> FinitelyPresentedGroup is of type: Type whereas GroupPresentation is of 
> a specific type:
>
> (1) -> F:=FPG([x,y,z],[])
>
>     (1)  FinitelyPresentedGroup([x,y,z],[])
>                                                    Type: Type
>
> (2) -> F2 := groupPresentation([1,2,3],[])
>
>     (2)  
>                                        Type: GroupPresentation
>
> Given this, is it possible to construct functions like sum, product, 
> quotient, subgroup, order, orbit, etc. on something of type: Type?
>
> If it is possible to do this, why is PermutationGroup not constructed 
> this way?

Hmm, there are several ways to look at group.  First you can
look at groups as objects (that frequently happens in homological
algebra).  Within such point of view you may consider various
notion of equivalence/equality.  Plain equality is of limited
use, as we may get entirely trivial differences.
Isomorphism is important, but sometimes we need more coarse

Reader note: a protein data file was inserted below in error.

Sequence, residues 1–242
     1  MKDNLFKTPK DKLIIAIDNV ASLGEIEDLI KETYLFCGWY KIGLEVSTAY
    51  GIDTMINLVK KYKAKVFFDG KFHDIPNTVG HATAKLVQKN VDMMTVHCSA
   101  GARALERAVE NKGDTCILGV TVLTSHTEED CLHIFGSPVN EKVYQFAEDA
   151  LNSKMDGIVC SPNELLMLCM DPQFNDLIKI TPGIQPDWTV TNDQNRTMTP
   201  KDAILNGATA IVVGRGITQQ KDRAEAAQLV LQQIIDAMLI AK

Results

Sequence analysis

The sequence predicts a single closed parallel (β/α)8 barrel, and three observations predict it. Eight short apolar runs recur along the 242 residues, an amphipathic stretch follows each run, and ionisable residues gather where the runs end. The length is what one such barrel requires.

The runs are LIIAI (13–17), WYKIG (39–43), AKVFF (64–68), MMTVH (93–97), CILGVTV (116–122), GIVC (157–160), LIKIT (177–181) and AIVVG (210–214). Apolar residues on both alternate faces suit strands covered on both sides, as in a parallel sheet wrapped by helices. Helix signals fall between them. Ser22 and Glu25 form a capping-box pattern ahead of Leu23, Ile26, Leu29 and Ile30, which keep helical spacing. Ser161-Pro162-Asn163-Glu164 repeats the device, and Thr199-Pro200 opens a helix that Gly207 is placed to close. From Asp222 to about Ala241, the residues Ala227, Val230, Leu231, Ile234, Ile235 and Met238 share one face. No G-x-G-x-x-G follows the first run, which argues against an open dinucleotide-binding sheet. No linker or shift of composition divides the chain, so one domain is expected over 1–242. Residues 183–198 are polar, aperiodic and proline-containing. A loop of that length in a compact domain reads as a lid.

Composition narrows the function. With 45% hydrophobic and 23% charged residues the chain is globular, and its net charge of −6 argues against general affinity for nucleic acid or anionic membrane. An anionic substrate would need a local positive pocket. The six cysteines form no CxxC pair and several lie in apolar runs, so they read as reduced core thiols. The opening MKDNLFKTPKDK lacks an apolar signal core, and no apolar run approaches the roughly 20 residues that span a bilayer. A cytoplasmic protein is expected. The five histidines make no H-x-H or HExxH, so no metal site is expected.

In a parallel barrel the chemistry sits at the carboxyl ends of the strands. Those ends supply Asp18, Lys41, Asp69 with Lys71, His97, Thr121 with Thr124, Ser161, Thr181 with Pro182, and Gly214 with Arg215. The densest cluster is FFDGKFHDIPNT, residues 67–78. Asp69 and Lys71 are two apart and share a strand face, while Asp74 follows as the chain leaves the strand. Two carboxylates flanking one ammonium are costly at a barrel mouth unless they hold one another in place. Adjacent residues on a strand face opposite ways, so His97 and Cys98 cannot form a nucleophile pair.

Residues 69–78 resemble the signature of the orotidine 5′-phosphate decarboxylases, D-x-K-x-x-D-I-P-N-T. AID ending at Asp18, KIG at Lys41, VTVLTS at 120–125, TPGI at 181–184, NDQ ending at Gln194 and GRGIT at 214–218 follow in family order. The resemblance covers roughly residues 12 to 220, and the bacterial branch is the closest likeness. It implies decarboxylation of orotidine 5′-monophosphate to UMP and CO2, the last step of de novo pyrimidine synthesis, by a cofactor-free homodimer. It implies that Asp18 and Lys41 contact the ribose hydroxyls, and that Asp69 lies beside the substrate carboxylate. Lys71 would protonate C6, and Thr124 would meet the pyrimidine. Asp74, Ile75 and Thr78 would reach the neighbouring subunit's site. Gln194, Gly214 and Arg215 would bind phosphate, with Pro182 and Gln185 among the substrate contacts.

equivalence relation, sometimes we need more than isomorphism.
Quite a lot of things done at this level in not computable:
there are various results but very little algorithms.

Treating groups as objects is frequently bundled with categorical
approach: there are various categories and people build
functors from those cateries to groups (or diagrams of groups).

Another point of view is that groups are sets with specific
operations: in FriCAS this is expressed by Group.  There
is some intermediate levels: one can look at say subgroups
of given group or group representations.

Now, for finite groups subgroup is the same as fintely
generated subgroup, so one can represent subgroups
via (finite) sets of generators.  In this sense
PermutationGroup implements subgroup of permutation group
(for given parameter we get single subgroup, while
varying parameters we get all of the subgroups).
In similar spirit we could have MatrixGroup for
subgroup(s) of matrices.  We could also look at
subgroups of free group, but that is less interesting
because subgroup of free group is again a free group.